By Michael Heraghty on November 10th, 2014
I wrote this article when I was using the old version of Balsamiq Mockups, now known as “Balsamiq 2”. In March 2015, Balsamiq released a new version of their software, Balsamiq Mockups 3, which has a load of great new features and is even easier to use. Check it out: http://balsamiq.com
From a personal perspective, the release of Balsamiq 3 was exciting. When I wrote this article, I was just a Balsamiq fan / power-user. Last year, I was invited to be one of the very early beta-testers. I gave a lot of feedback and I subsequently carried out usability testing for the company. Many of the improvement suggestions that I fed back to Peldi, Mike and the Balsamiq team rapidly ended up in the product — it was great to see how they put customers at the centre of everything they do.
What follows is an article on how I used to use Balsamiq. A lot has changed with the version 3 release and, looking back, I use it WAY more efficiently. Quick examples:
Anyway, here is the original article…
I first chose to use the wonderful Balsamiq Mockups, the desktop version*, for a client project in January 2011 and it has become my main UX design tool ever since.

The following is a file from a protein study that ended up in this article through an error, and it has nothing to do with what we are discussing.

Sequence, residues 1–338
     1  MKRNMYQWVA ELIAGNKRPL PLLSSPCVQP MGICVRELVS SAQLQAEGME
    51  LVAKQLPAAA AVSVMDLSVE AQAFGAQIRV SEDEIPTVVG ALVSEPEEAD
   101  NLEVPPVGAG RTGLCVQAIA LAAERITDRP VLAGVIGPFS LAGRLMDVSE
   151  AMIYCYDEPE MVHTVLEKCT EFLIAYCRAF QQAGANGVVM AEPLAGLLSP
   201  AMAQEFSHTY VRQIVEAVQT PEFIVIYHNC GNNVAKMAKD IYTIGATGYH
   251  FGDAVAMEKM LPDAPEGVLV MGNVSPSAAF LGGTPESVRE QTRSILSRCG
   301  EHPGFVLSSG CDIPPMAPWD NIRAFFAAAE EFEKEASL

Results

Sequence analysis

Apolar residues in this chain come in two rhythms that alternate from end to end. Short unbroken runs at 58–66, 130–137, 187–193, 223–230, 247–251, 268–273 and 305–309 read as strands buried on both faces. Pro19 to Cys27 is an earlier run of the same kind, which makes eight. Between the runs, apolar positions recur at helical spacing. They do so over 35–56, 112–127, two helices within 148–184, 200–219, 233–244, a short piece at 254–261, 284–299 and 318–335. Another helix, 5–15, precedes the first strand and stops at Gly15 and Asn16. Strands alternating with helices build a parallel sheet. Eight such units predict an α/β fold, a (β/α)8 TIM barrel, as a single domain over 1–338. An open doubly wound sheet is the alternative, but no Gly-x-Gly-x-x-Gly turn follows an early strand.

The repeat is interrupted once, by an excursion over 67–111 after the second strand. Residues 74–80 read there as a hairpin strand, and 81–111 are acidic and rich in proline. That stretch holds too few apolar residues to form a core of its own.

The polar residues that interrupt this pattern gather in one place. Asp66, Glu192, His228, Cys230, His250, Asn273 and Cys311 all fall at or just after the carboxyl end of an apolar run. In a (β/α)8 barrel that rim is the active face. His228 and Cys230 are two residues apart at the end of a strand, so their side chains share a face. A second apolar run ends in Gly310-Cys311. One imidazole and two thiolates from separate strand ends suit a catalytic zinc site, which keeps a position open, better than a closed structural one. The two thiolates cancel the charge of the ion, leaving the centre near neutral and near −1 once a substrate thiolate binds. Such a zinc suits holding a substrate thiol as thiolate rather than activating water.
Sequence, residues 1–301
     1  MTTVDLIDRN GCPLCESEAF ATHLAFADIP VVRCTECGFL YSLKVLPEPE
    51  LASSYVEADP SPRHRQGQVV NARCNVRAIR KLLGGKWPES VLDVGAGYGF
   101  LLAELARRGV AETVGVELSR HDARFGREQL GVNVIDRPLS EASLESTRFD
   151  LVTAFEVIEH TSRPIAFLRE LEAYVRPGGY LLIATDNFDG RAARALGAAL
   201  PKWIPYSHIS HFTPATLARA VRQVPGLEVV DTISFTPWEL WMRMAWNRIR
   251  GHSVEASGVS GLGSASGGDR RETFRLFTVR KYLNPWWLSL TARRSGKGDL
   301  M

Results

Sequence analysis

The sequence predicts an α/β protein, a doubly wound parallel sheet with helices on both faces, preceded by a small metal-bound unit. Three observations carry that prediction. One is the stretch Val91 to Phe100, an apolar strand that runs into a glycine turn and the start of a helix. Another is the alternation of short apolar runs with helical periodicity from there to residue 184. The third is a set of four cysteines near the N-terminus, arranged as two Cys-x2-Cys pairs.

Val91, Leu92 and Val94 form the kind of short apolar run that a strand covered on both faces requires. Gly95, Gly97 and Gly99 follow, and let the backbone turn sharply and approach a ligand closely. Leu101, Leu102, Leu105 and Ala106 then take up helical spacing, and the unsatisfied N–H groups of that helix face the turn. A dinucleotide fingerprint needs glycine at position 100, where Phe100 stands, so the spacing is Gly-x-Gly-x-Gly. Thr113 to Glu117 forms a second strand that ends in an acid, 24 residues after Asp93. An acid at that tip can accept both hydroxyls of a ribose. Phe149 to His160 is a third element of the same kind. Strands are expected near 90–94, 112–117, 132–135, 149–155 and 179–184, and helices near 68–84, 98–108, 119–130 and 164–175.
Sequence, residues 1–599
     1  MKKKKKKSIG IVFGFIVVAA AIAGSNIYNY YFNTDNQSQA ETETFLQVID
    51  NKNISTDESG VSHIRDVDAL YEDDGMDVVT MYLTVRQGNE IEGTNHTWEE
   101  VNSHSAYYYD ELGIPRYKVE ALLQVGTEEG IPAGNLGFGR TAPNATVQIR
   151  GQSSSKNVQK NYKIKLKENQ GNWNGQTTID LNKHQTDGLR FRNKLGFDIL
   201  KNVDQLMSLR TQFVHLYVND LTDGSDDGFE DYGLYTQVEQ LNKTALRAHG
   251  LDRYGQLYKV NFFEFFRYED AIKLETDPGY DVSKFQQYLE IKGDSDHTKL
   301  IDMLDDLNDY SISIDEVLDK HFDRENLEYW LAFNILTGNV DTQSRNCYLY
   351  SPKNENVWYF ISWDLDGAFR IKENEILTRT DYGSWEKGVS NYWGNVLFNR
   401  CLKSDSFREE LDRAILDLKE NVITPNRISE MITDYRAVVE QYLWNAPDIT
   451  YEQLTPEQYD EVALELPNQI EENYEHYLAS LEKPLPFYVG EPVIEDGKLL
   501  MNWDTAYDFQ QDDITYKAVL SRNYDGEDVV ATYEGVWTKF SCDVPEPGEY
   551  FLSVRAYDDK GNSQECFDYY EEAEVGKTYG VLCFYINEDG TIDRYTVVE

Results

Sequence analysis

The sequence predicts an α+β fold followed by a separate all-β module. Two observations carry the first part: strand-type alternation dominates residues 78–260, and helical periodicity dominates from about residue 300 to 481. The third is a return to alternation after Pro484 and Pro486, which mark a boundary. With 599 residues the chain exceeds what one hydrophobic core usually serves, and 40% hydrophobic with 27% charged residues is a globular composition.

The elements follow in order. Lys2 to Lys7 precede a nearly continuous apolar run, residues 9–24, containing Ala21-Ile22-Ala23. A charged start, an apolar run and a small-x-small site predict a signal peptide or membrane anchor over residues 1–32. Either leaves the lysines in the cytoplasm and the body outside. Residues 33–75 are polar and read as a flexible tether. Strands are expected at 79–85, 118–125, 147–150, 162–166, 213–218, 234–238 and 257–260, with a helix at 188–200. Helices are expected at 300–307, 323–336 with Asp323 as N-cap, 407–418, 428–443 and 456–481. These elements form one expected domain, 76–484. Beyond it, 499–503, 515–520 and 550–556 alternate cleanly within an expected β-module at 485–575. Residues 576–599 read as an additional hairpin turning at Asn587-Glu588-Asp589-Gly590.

Anyone can dive in and figure out how to use Mockups — there’s a rapid beginner-to-intermediate curve. Over the years, I’ve developed some extra tips and tricks that maybe puts me on the intermediate-to-advanced curve.
Here’s how I use Balsamiq Mockups:
I have a system of folders and sub-folders relating to my clients and projects etc, which I synch in Dropbox. When I want to create a new set of wireframes, I create a new sub-folder in the appropriate place e.g. Client X > Project Y > Project Y Wireframes 1.0
I create one project per folder, and add all the .bmml files into that folder, as recommended by Balsamiq.
Before I start the project, I also copy in a ready-made “assets” sub-folder. I say ready-made because you can simply create a blank sub-folder and name it “assets”. However, my pre-made “assets” folder is stuffed with all sorts of templates and other “goodies” which make my prototyping process easier. Below are some of Balsamiq Mockups UX artefacts contained in my ready made assets folder.
Note: Rather than copying and pasting your assets folder each time, you can simply create a single account assets folder on your computer. This is a great solution — except if you are physically sharing your *.bmml files with someone else in a company, in which case you will need to give them the assets folder or items will be missing from the wireframes.
Bootstrap has various background grids that you will find on Balsamiq’s Mockups to Go. Download the one you prefer and you save it directly to your assets sub-folder, then drag it on to the wireframe. That’s what I do before I start any project — I drop it onto the background of every wireframe at position 0,0 and lock it there, then hide it using CTRL+K (Windows).